PeEn analyzes amplitude orders instead of absolute amplitudes. PeEn quantifies the regularity structure in these orders of the signal values in a time series as measure of signal complexity or “information content” (50). The basic strategy of PeEn calculation is indicated in Figure 1. PeEn therefore is non-parametric and (a) is more robust against signal distortions, and poorly known characteristics of the underlying dynamics (51, 52), and (b) aims at complementary aspects to the analysis of spectral power based on signal amplitudes. The analysis requires the specification of so called embedding parameters. These are the dimension m, i.e., the number of time points in each time window used for assigning the order ranking, and the sampling rate. An embedding dimension m = 3 was used matching the duration of the canonical hemodynamic response function. Maximal accessible sampling rate equals the inverse of the TR. Variance on a slower time scale can be investigated by choosing the sampling rate as inverses of multiples n of TR and disregarding the respective values in between. We investigated n in the range of 1 to 7 roughly corresponding to a frequency range calculated by f = 1/(n * 2 * TR) of 0.026 to 0.179 Hz. We used the implementation in LabView as published for EEG data by Jordan et al. (52).
Scanning Parameters and Physiological Parameters
As can be seen from Table 1 motion parameters as well as physiological parameters did not differ systematically between groups.
Descriptives of Time Courses
An analysis of the standard deviation the time course variance across the whole run of DRN and VTA was correlated across all subjects (Pearson correlation: R = 0.32, p = 0.002, N = 67). This means variance of one ROI was high in those subjects in which also that of the other ROI was high and vice versa. Variance was higher in DRN than in VTA across all subjects (P < 0.001, Wilcoxon rank sum test). Importantly, there were no group differences in magnitude of variance (pDRN = 0.466, pVTA = 0.376, t-tests).
Time courses between the two ROIs were highly correlated within subject as assessed on the Fisher-Z transformed Pearson correlation coefficients (p < 0.001, t-test). These correlations might be due to residual artifacts such as motion, although care was taken to minimize these effects. To exclude those common artifactual contributions, data from each of the ROIs were orthogonalized toward each other in the subsequent analyses in order to focus on region specific dynamics. There was no difference in the within subject interregional correlation between the two groups (p = 0.70, two-sample t-test).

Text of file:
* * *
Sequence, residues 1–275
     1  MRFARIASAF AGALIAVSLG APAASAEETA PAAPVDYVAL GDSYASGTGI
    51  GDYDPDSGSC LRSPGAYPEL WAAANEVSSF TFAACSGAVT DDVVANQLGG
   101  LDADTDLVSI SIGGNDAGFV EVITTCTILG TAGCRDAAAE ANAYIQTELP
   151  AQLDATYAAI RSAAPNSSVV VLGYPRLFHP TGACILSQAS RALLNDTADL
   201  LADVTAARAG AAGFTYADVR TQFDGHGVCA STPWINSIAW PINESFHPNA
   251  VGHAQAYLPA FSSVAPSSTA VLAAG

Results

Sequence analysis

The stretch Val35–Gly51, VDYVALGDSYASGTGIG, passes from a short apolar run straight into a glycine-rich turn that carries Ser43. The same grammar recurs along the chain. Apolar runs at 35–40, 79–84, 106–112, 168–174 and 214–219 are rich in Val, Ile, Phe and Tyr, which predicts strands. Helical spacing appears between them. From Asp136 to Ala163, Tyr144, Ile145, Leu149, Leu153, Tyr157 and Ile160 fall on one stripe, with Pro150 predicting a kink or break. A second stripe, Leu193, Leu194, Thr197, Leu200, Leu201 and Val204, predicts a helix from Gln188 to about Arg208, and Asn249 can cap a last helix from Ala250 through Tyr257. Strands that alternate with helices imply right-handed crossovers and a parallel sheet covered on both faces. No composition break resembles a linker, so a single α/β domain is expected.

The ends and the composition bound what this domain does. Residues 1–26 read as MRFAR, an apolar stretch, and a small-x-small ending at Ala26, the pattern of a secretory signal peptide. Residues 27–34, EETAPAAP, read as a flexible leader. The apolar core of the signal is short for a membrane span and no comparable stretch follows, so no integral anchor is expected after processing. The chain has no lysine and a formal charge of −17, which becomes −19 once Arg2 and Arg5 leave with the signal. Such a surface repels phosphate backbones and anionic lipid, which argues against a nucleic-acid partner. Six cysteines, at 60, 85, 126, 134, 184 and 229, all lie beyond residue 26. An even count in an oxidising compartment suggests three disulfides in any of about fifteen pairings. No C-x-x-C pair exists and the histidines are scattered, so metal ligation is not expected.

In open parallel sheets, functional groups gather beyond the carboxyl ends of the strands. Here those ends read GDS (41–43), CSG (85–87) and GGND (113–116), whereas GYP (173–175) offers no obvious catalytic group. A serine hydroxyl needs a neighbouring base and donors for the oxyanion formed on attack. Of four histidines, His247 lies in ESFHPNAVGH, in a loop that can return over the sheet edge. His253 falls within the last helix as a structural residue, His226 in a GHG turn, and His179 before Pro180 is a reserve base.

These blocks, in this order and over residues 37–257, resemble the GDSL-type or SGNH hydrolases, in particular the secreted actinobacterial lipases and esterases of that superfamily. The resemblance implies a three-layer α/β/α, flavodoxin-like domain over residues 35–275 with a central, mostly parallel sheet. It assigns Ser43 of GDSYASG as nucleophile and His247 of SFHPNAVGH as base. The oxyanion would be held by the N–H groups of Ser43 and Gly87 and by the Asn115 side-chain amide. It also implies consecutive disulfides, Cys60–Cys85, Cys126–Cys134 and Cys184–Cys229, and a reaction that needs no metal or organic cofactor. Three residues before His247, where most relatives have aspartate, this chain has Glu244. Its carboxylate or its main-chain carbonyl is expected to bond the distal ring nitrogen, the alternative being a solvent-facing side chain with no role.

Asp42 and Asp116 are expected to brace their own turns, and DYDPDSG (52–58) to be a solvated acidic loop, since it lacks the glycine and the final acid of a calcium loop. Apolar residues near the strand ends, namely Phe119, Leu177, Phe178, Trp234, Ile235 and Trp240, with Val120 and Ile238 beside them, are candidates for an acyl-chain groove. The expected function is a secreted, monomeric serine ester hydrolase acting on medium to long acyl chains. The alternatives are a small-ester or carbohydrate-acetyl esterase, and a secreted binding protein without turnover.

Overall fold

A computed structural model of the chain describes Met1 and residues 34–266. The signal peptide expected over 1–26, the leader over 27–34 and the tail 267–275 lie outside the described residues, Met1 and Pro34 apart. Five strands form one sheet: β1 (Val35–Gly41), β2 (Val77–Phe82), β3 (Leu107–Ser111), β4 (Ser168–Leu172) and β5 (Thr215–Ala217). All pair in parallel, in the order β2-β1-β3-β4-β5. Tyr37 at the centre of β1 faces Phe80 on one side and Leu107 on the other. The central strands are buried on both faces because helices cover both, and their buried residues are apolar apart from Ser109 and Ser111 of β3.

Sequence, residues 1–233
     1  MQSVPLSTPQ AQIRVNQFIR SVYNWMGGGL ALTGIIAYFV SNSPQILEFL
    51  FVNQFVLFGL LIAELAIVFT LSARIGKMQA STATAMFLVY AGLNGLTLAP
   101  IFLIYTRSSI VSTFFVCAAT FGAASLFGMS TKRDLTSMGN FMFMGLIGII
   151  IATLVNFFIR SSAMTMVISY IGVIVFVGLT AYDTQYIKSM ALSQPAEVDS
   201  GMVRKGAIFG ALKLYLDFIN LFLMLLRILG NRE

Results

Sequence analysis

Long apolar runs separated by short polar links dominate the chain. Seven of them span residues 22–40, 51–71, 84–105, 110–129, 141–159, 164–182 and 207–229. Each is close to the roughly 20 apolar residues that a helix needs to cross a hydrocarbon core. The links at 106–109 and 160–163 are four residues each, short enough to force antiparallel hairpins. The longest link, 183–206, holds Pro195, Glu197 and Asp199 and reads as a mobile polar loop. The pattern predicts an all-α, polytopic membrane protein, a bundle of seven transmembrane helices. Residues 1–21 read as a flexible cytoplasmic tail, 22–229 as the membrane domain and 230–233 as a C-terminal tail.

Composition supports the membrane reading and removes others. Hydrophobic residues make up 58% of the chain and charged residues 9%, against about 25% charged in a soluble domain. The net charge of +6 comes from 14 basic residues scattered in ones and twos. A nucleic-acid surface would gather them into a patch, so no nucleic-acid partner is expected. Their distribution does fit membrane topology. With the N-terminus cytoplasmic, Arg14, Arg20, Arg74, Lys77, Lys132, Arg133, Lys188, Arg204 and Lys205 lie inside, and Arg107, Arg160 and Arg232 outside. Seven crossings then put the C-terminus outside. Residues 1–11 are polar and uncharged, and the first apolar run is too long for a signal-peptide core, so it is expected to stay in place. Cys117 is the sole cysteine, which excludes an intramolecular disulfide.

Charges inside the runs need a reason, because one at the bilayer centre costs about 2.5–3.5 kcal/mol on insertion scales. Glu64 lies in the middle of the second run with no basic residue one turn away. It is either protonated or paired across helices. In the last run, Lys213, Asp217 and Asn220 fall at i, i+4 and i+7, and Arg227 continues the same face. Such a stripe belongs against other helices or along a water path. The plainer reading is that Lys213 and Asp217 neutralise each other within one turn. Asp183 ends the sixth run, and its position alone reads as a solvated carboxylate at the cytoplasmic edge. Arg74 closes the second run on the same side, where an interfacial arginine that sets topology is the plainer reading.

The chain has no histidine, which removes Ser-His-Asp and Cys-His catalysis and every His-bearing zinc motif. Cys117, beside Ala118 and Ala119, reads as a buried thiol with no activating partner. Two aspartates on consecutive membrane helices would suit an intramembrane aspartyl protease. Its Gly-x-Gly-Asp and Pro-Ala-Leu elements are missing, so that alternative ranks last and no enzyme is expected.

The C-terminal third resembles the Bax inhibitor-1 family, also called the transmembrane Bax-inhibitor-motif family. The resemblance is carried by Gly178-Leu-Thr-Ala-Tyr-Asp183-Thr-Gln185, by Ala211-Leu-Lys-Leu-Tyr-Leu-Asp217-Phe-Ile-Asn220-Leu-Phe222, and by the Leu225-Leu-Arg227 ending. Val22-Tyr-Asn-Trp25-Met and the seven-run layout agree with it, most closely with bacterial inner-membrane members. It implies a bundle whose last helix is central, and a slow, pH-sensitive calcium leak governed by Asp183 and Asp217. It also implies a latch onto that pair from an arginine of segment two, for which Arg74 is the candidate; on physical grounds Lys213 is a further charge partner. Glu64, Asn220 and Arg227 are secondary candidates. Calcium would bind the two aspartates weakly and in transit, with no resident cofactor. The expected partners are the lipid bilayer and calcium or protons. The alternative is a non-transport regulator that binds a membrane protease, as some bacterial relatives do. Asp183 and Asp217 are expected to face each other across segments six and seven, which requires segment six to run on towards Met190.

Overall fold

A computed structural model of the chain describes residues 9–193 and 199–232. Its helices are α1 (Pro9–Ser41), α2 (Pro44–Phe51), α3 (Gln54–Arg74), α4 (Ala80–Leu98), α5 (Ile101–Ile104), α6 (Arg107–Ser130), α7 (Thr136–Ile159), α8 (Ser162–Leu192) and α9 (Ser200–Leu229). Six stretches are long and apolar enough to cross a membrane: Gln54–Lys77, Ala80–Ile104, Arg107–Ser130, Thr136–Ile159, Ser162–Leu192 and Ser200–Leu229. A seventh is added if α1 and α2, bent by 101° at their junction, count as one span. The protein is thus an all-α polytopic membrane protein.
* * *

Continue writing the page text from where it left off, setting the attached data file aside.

In summary, the description of the time courses of VTA and DRN does not reveal any systematic differences between patient and control group. Orthogonalized time courses of the two ROIs were further investigated with regards to spectral differences and differences in information content.
Spectral Differences and Spectral Slowing
Figure 2A shows the ROI templates used for extraction of time series. Figure 2B shows the spectra of VTA and DRN for both groups. Figure 2C shows that there are moderate between group differences significant at a level of Pu < 0.05 (Wilcoxon rank sum test, uncorrected for multiple comparisons): for DRN at 0.08 Hz (MDD > HC), and for VTA at 0.09 Hz (MDD > HC), at 0.10–0.11 Hz (HC > MDD), and at 0.15–0.18 Hz (MDD > HC).
Figure 3 shows the results of the spectral shift correlation analysis. In VTA the only significance in cross correlation occurs at a shift of 0.014 Hz (Pc = 0.035, Wilcoxon signed rank test, corrected for 17 tests on all shifts under concern) of patient' spectra toward healthy controls‘, i.e., patients spectra resemble those of healthy controls but at slower frequencies (Figure 3A). While the same analysis in healthy controls produces symmetric results, in MDD generally the correlation toward spectra of healthy controls improves when patient spectra are shifted toward higher frequencies, i.e., they are initially shifted toward lower frequencies. In DRN, no shift in cross-correlation showed significant correlation.